Nation and World: ‘Enlightenment’ gala opens London’s Paralympics



Blake Leeper warms up during a workout with other Paralympic athletes at the USA Olympic training facility in Chula Vista, California on April 13, 2012. Leeper ranks among the top sprinters headed for the 2012 Paralympic Games, which will be held after the London Olympics this summer. Photo by Robert Gauthier/Los Angeles Times/MCT.

Sheila Norman-Culp

LONDON (AP) — Who better to help welcome the Paralympics than a scientist who has shown the world that physical limitations do not limit human potential?

“Enlightenment” was the theme, physicist Stephen Hawking the guide and Olympic Stadium the venue Wednesday night as London welcomed 4,200 athletes from 165 nations and territories to the 2012 Paralympic Games.

The extravaganza, directed by Bradley Hemmings and Jenny Sealey, was billed as a voyage across “a sea of ideas” — including Isaac Newton’s discovery of gravity, which all Earth-bound athletes strive against. The show included 73 deaf and disabled professional performers and 68 disabled people among its 3,250 volunteers.

The gala opened with a look at the Big Bang — considered the beginning of the universe — as a glowing sphere transported the Olympic Stadium into a giant nebula.

And of course, this being Britain, the words of Shakespeare once again were to make an appearance, with both Miranda of “The Tempest” and British actor Ian McKellen announcing that “the greatest adventure is what lies ahead.”

That, over the next 11 days, includes Paralympic athletes competing in 20 sports, including archery, cycling, rowing, equestrian, sailing, sitting volleyball, wheelchair rugby, wheelchair tennis and wheelchair basketball.

In the ceremony, Hawking was to direct the fictional Miranda to “be curious” — and the stadium was preparing to be transformed into a giant blinking eye.

As the athletes enter, they will be welcomed by a global music mash-up by local DJs before soprano Denise Leigh sings the tribute song “Spirit in Motion.” Other performers at the ceremony included soprano Elin Manahan Thomas, the British dance group Flawless and six London-based choirs.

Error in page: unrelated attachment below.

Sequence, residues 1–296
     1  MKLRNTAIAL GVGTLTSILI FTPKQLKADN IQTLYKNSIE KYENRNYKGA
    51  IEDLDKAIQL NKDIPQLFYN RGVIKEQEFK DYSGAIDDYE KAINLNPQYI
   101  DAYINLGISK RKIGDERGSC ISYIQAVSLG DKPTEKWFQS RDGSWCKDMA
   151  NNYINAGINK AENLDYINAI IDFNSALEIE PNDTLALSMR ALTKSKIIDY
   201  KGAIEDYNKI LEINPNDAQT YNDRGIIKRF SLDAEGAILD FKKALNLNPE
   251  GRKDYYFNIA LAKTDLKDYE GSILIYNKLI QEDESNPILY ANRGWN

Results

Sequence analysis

And in a nod to the famously erratic British weather, umbrellas will be a central theme.

Along her travels, the curious Miranda navigated a maze to find an apple — and everyone in the stadium was given the fruit as they entered and encouraged to take a bite out of the fruit at a specific stage during the ceremony.

Authorities, meanwhile, promised to provide “a grand and global stage” for a games that everyone will remember.

Queen Elizabeth II said the nation looked forward to “celebrating the uplifting spirit which distinguishes the Paralympic Games from other events.”

Sebastian Coe, chief of the London organizing committee, planned to give a big welcome home “to a movement that shows what sport is all about.”

The Paralympic movement tracks its beginnings to the vision of Dr. Ludwig Guttmann, who in 1948 organized an archery competition for 16 injured patients at Stoke Mandeville Hospital in Britain.

Wednesday’s ceremony was to conclude with Miranda breaking a glass ceiling — just as Paralympians must break through their own barriers — showering the stadium in pixels.

Society, too, was encouraged to break its old-fashioned perceptions of what disabled people can and cannot do.

“The Paralympic Games have inspired us to make London a more inclusive and welcoming city, to shift perceptions of disability and break down barriers in society,” London Mayor Boris Johnson said in a statement.